The compost used for plants can provide the right growing conditions for healthy plants. Making careful selection of a suitable potting mix is vital. Knowing what is likely to be in a mix and why it is there helps to make a more informed decision.
Keeping house or garden plants looking strong and healthy depends on many factors. There are plants that require lots of sunlight, while others prefer to be kept in the shade. Some plants require more water and a higher humidity than others. Some acid loving plants such as camellia or rhododendron will require an ericaceous compost with a lower pH. Choosing the right type of soil is essential to get the most out of your plants.
One mistake many plant owners make is using garden soil for their pot plants. While this may seem like a cheap alternative to buying a bag of potting mix, it may actually do more harm than good. Garden soil may be full of weeds, pests or disease that can do serious damage to a potted plant. Also garden soil may lack the vital nutrients that your potted plants need.
Mulit-purpose is a middling mix between seed compost and potting compost and can be used as a substitute for either. It is the best choice if you’re planting small patio pots, hanging baskets, herbs and flowering bedding plants. But it has less nutrients than potting compost, so add fertilisers if you’re planting larger varieties. It is not suitable for established trees and shrubs.
Seed compost is a mixture designed for sowing seeds into. It’s finer and less lumpy than standard potting compost and is also light and well-drained. You can also use seed compost to repot seedlings and young plants. But it doesn’t have enough nutrients to support larger plants.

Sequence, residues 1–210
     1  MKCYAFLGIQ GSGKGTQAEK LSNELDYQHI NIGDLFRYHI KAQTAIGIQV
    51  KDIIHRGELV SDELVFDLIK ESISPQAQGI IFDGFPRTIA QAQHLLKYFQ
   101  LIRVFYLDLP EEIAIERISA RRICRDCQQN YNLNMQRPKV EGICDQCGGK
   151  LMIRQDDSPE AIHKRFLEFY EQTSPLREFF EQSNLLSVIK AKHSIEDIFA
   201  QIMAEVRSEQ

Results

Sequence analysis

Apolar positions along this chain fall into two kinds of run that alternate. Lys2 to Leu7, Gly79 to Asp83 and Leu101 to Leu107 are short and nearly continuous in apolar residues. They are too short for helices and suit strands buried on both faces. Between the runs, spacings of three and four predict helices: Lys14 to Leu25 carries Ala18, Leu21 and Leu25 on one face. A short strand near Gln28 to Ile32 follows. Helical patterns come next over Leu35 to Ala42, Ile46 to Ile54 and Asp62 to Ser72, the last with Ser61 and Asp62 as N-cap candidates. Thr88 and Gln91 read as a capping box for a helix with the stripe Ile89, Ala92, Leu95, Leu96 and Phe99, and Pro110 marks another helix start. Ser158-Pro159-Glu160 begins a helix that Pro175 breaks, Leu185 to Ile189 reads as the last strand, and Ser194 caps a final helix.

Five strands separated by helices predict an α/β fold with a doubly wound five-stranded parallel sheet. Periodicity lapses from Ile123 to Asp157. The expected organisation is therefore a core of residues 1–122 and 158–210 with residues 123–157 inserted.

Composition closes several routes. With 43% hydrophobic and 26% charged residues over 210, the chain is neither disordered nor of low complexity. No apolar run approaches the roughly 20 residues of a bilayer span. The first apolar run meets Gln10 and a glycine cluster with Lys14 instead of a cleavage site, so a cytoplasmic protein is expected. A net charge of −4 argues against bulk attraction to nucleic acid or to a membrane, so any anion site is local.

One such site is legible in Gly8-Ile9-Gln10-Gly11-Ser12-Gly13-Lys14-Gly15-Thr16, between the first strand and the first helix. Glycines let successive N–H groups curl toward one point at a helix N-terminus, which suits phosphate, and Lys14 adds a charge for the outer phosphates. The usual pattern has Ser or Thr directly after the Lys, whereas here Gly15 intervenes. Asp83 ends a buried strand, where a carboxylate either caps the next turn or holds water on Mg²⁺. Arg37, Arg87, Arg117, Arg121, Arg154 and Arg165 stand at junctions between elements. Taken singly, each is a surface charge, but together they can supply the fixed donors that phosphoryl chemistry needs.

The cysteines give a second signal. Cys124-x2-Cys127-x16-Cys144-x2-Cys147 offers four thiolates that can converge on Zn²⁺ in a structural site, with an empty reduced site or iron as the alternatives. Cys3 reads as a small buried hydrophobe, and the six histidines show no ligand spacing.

Peat moss consists of partially decomposed, ground up bog plant material. Perfect for African violets, begonias, ferns and other plants with a preference for moist environments. Peat moss improves the retention of water and keeps the compost light.
Bark helps to retain soil moisture, suppress weed growth and will gradually improve the structure of your soil. The large chunks of composted bark stop the tight compacting of potting, thereby assisting drainage and keeping air circulation optimal. This type of material is typically added to mixes for bromeliads, orchids and similar plants.
Perlite are the little white puffs found in potting mixes designed for house plants. Thanks to thousands of minuscule air pockets, perlite is able to rapidly soak up and then release water. It is perfect for drainage and overall water regulation. Potting mixes for succulents have a particularly high quantity of perlite added to them for this very reason.
Vermiculite, produced from natural deposits of minerals, looks similar to tiny flakes of gold. It is added to many potting mixes to assist aeration and absorb water and minerals, which are then slowly released into the soil. This material can soak up and eventually release multiples of its own weight in minerals and water.
Which type of potting mix to use ultimately depends on the requirements of any given plant to be potted. Taking a little time to learn about these requirements and taking note of the ingredients on a bag of compost before purchasing it will help to ensure a happy, healthy life for house plants for years to come.